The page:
Things are never so bad that they are not good for anything.

We're walking like in a Dolce Vita. This time we got it right. We're living like in a Dolce Vita. Gonna dream tonight.
Quote from Ryan Paris’ song Dolce Vita


In more detail, the exhibition is part of an ongoing artistic research project also titled The Sweetness of Living.

The project started in the fall of 2020 and has been a common thread throughout several of Pikene på Broen's curatorial activities since then.

For example, two art laboratories were organized in Sør-Varanger, Northern Norway, and in Murmansk, Russia. At these, artists, researchers and local bearers of knowledge immersed themselves in complex issues and philosophical activities.

The collection of artwork and archives presented during the Arctic Arts Festival are connected to these processes. The exhibition also forms a stage for performative lectures and concerts.

"We have chosen the theme in connection with our northern regions and how artists react in this context. In short, the project is about shedding light on relations in the north and the significance of living outside of work and productivity," says curator Neal Cahoon.

Pikene på Broen about the exhibition's ideational backdrop:

«The ideas connected to 'la dolce vita' – or the sweetness of living – describes a normal attitude in southern Europe and is claimed to be qualitatively different from the protestant work ethic in northern European countries. The philosopher Giorgio Agamben believes that this attitude describes a completely different relationship to the future, a restoration of time, a resistance against capitalism, and the preservation of a meaningful way to live. In short: the ability to define life as something outside work."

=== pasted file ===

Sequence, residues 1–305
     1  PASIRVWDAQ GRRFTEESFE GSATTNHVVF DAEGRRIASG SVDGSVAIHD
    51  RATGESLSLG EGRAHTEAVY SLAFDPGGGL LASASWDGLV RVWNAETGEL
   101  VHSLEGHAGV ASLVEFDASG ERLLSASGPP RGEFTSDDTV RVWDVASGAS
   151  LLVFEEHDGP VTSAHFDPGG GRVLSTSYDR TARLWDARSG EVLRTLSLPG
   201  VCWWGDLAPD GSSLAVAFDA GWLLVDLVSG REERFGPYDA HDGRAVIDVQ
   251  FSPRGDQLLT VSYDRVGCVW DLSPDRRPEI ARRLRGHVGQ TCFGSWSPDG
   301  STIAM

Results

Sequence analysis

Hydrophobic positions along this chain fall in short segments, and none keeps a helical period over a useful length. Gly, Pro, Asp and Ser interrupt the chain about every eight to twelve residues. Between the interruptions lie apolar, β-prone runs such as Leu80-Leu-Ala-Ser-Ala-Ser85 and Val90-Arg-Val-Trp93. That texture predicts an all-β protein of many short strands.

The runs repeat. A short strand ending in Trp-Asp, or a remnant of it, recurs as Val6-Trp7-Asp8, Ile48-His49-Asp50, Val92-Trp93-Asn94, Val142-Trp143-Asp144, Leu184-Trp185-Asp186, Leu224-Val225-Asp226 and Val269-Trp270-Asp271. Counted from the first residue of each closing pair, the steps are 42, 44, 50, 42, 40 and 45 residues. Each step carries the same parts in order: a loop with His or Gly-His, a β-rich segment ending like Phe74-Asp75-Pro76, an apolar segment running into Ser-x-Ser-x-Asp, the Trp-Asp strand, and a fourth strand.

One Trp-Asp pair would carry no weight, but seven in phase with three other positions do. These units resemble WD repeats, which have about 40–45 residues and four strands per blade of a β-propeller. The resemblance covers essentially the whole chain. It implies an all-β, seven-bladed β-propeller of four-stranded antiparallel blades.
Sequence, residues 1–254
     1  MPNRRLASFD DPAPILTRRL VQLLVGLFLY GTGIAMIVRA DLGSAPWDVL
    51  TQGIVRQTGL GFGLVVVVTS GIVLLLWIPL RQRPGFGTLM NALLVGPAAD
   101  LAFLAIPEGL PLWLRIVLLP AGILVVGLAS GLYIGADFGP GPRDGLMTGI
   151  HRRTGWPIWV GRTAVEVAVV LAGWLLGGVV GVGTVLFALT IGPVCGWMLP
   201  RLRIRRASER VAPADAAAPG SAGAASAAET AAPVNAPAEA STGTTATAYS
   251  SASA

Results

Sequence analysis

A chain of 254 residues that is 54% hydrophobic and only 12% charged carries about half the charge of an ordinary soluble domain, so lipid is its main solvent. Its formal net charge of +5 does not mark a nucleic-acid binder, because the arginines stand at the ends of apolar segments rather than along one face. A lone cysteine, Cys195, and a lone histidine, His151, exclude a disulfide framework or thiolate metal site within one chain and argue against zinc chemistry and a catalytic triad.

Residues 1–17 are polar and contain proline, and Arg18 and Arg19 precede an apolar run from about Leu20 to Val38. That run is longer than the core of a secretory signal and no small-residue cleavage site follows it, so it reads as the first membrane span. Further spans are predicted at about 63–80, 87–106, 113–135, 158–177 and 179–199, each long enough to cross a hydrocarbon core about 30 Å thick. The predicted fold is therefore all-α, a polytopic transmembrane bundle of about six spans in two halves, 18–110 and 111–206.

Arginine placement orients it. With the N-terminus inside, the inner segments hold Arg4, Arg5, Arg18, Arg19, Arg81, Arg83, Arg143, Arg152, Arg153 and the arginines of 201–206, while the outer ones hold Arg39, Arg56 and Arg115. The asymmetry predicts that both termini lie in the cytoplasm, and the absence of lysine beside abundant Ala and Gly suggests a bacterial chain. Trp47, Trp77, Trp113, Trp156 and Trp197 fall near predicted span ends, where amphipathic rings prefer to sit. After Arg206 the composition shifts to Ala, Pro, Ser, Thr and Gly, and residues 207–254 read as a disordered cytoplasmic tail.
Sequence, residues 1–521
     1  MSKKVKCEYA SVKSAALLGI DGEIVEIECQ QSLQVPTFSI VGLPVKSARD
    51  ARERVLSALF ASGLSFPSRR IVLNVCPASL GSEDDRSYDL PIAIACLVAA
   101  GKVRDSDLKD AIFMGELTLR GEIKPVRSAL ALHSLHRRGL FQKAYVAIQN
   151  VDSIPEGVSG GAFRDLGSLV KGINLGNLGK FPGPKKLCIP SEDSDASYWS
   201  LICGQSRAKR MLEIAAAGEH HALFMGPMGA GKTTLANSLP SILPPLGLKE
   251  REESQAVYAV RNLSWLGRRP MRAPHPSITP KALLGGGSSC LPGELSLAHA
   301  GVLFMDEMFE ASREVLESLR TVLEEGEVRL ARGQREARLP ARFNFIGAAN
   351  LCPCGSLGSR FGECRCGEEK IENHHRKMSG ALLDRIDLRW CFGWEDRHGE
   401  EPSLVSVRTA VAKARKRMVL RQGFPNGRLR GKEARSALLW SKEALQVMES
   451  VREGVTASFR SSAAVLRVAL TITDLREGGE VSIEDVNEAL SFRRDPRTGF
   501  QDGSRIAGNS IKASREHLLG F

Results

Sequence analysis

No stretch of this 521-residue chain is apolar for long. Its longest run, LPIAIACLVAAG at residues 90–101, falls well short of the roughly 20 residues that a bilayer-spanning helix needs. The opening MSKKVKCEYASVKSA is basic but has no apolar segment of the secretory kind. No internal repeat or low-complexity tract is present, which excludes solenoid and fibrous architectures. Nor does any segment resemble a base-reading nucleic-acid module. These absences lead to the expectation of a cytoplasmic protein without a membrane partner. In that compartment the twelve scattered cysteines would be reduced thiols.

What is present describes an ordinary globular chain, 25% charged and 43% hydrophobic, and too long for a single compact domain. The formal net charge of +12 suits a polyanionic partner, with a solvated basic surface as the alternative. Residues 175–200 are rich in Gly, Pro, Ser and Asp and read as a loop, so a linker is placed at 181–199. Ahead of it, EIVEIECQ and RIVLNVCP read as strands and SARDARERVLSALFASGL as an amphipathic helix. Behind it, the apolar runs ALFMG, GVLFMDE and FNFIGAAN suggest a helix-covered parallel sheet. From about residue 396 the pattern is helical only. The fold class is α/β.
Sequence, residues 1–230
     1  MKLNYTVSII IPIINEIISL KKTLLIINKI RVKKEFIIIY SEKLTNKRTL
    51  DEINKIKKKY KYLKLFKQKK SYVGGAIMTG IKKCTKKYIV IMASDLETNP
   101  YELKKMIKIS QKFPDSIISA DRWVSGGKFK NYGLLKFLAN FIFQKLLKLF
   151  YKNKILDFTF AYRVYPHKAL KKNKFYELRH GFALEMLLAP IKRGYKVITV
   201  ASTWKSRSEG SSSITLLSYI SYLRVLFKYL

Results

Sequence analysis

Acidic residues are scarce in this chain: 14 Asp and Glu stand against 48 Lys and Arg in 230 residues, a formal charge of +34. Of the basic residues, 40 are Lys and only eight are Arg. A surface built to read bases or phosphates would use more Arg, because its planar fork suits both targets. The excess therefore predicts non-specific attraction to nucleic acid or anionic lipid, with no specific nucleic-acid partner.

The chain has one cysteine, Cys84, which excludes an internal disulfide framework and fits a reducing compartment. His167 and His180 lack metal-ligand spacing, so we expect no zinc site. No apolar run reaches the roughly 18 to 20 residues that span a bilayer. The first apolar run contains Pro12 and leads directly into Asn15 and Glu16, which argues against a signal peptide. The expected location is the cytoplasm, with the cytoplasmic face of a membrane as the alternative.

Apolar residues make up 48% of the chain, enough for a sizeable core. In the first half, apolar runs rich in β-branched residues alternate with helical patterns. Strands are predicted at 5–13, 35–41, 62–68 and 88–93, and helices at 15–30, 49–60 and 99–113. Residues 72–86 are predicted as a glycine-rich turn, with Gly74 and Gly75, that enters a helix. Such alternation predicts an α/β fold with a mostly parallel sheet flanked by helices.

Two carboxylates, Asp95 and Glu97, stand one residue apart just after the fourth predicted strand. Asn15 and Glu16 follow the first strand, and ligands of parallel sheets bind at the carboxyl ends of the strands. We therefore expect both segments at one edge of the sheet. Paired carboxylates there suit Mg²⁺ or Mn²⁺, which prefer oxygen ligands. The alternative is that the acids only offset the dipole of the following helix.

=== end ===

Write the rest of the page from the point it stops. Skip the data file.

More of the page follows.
Espen Sommer Eide: Arkadia 02-22 (2022-). This audio-visual work is based on travels, experiments, and performances north in Norway, Finland, and Russia over 20 years. The film and sound material are composed and presented anew with the use of artificial intelligence and machine learning models. The work forms a hypnotic loop in which repetition and rituals weave together several audio-visual performances based on everyday experiences. (Video: Astri Edvardsen)
A selection of photos from the work processes that began in the fall of 2020 and led to the exhibition The Sweetness of Living this summer. (Screenshot fra Pikene på Broen's brochure)

Also read

This article was originally published in Norwegian and has been translated by Birgitte Annie Molid Martinussen.